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. Last Updated: 07/27/2016

Council Concerned Over Execution Pace

The Council of Europe expressed concern Friday at allegations that Russia has stepped up the rate of criminal executions since joining the organization two months ago and a spokeswoman said the charges, if substantiated, could lead to a reassessment of Russia's membership status.


Russia was accepted to the Council of Europe on Jan. 26 under the stipulation that it eliminate the death penalty from its legal code within three years, and the council requested that Russia cease executing prisoners immediately.


But President Boris Yeltsin, who has made toughness on crime into a campaign issue, announced Tuesday that he felt Russia was "not ready" to part with the death penalty.


A member of the President's Executive Clemency Committee said that "the moratorium has not been established" and that "the machine sending people to their death continues to work feverishly."


In a letter published in Izvestia on Friday, Lev Razgon, a member of the committee since its inception in 1991, said that the number of criminals executed rose sharply in 1995, while appeals for pardons were being rejected at a record rate. In February 1996 alone, he said, 30 pardons were rejected, compared to 19 in the whole of 1994.


"Russia does not want to part with its bitter reputation as a country of firing squads," Razgon wrote.


Christiana Dennemeyer, a spokeswoman for the Council of Europe's parliamentary committee, expressed surprise and dismay at news of the reports and said that, if the charges could be verified, Russia's status may have to be reassessed.


"Russia's status is the same as with any other of our members," she said. "If they don't respect their commitments, then they may be faced with expulsion."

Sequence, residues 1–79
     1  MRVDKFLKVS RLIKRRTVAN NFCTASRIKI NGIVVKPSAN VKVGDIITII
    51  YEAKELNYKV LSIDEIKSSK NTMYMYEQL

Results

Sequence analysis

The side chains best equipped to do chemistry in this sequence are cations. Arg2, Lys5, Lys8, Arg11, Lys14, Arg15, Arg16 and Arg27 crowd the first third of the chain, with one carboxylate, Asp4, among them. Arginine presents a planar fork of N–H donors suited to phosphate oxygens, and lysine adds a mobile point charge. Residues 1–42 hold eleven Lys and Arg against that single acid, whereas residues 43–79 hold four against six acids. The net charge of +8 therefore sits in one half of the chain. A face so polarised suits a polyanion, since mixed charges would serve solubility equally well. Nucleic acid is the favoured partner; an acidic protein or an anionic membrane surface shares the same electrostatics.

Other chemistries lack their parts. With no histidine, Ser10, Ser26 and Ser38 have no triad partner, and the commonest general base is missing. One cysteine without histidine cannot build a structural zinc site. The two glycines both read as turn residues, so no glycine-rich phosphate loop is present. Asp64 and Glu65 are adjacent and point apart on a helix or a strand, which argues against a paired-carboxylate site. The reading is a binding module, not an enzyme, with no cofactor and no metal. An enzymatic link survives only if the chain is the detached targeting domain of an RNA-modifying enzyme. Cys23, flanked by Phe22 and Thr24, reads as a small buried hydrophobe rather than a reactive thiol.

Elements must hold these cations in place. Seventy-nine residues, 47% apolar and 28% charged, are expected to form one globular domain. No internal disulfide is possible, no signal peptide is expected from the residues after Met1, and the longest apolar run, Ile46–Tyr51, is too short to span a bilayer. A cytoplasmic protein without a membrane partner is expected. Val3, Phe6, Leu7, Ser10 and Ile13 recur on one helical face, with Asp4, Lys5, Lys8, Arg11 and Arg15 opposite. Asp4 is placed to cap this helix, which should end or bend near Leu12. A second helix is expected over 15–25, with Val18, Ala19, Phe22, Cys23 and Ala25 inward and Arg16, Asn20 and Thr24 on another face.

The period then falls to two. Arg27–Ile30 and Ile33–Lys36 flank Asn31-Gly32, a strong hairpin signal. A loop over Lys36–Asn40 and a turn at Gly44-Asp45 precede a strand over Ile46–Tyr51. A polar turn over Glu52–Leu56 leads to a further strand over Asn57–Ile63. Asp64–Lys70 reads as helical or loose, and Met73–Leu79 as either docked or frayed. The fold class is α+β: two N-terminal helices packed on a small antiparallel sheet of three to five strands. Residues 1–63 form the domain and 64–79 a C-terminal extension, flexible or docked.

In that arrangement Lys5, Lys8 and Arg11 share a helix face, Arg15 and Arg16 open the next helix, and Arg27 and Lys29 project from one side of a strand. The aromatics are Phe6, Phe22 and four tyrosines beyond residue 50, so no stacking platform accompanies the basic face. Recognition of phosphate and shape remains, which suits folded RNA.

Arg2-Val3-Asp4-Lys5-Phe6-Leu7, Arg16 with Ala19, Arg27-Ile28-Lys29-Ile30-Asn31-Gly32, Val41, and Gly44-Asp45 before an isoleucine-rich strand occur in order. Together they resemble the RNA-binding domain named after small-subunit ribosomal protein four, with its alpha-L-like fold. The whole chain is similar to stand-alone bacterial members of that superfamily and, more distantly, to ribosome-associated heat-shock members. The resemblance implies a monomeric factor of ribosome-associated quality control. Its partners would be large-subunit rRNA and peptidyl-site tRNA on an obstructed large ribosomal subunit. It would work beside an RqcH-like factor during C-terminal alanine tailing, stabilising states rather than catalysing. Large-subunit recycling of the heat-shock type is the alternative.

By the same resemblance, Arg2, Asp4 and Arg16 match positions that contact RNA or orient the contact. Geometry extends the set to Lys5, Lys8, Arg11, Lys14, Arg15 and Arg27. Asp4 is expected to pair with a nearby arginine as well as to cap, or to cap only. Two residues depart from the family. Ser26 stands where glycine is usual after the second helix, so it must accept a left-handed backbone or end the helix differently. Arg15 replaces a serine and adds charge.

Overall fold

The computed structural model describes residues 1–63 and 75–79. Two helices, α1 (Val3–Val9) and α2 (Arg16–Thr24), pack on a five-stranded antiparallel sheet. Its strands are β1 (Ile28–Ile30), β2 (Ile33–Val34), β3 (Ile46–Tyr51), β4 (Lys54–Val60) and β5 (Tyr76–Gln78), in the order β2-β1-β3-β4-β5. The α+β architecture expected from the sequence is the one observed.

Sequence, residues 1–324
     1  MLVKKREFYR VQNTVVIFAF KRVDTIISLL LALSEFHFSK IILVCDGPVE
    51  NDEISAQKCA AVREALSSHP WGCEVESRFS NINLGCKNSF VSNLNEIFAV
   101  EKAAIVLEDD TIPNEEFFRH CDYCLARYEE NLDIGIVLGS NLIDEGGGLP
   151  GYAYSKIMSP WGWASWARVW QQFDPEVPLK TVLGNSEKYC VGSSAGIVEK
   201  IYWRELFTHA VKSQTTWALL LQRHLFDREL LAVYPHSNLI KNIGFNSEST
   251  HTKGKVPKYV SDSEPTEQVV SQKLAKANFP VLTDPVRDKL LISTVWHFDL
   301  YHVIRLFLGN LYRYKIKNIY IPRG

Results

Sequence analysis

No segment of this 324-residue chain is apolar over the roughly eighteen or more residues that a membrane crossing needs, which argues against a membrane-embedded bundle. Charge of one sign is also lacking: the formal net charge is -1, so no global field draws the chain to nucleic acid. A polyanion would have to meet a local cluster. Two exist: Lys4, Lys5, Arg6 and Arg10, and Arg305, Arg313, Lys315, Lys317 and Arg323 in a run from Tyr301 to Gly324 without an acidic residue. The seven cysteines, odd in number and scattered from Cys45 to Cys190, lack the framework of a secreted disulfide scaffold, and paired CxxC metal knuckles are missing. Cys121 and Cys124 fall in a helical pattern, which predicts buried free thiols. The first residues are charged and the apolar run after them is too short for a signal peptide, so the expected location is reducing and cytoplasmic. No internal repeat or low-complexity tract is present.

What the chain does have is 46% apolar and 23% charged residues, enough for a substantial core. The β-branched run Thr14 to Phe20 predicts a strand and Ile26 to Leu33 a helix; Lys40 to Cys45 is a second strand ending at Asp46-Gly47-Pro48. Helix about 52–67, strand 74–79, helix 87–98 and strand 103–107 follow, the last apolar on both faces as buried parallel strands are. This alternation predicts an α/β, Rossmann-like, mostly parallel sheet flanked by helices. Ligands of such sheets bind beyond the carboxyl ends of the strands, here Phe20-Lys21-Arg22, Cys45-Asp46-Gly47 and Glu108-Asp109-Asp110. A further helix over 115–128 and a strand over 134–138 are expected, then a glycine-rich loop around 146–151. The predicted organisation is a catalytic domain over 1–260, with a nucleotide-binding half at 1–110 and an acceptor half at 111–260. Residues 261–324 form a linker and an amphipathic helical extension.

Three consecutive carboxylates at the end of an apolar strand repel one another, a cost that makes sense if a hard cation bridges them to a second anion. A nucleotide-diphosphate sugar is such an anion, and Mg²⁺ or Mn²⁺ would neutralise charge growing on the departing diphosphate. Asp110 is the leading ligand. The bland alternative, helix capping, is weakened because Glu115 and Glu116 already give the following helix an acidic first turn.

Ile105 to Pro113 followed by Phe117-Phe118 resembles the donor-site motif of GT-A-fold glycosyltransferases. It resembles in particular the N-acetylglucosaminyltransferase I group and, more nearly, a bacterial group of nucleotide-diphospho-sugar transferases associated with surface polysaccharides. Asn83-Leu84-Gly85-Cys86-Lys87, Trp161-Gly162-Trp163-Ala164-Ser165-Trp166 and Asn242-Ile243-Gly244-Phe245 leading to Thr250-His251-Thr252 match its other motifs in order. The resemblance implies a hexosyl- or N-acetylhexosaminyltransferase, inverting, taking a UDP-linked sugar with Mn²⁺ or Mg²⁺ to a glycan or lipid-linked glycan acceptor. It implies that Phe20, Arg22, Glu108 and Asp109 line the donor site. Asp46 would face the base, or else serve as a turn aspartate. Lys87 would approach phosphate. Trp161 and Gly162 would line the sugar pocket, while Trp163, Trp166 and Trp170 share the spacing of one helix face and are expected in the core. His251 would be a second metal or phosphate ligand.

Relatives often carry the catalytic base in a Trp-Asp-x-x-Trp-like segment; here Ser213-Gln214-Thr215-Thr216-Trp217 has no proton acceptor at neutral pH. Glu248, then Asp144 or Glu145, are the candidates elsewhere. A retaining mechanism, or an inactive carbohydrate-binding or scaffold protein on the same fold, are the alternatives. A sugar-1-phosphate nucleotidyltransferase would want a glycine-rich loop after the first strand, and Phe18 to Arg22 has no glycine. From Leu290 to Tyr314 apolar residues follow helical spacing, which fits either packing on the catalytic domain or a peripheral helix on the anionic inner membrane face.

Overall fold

But according to another council spokesman, Adam Ffoulkes-Roberts, punishment of member countries, even for widespread violations of human rights as in Turkey, "is something that the council has not learned how to deal with very well." Despite a slew of petitions to condemn Turkey, no concrete disciplinary action has been taken.


Dennemeyer added that, while the council had granted Russia some leeway in the amount of time it needed to remove the death penalty from the criminal code, it expected the spirit of the agreement to be honored.


"Our position was that, while laws take time to change and we understand that, our request that executions stop as soon as possible was clear," she said.


While other informed observers in Russia confirmed that executions have been accelerated, they remained divided over whether the policy is directly related to Russia's new status as a Council of Europe member.


One source in the Presidential Commission, who asked not to be identified, said that he did not believe the trend was connected to council membership, noting that Yeltsin has not signed a single pardon since the murder of journalist Vladislav Listyev last March.


"I think the president's advisers simply wanted him to be tougher on crime as early as last year, and are making his decisions for him," the source said. "I doubt sometimes if Yeltsin even reads all of our recommendations."


But Viktor Kogan-Iasny, head of the Right to Life and Human Dignity Association, a leading Russian anti-death penalty activist group, said he believed the surge in executions is directly connected with the council decision.


"Executions have really sped up in recent months, and what it is is an attempt by the president to show that internal policy will not be dictated by outsiders," he said. "He means to show the world that only internal motivations will be considered."


Spokesmen for the State Directorate for the Implementation of Punishment, or GUIN, said they had no official comment on either Razgon's report or the Council of Europe.


Dennemeyer said that there was no timetable on a decision by the council regarding Russia's status.


"First and foremost, what we need to do is to determine whether executions are actually continuing," she said. "Once we do, we'll go from there."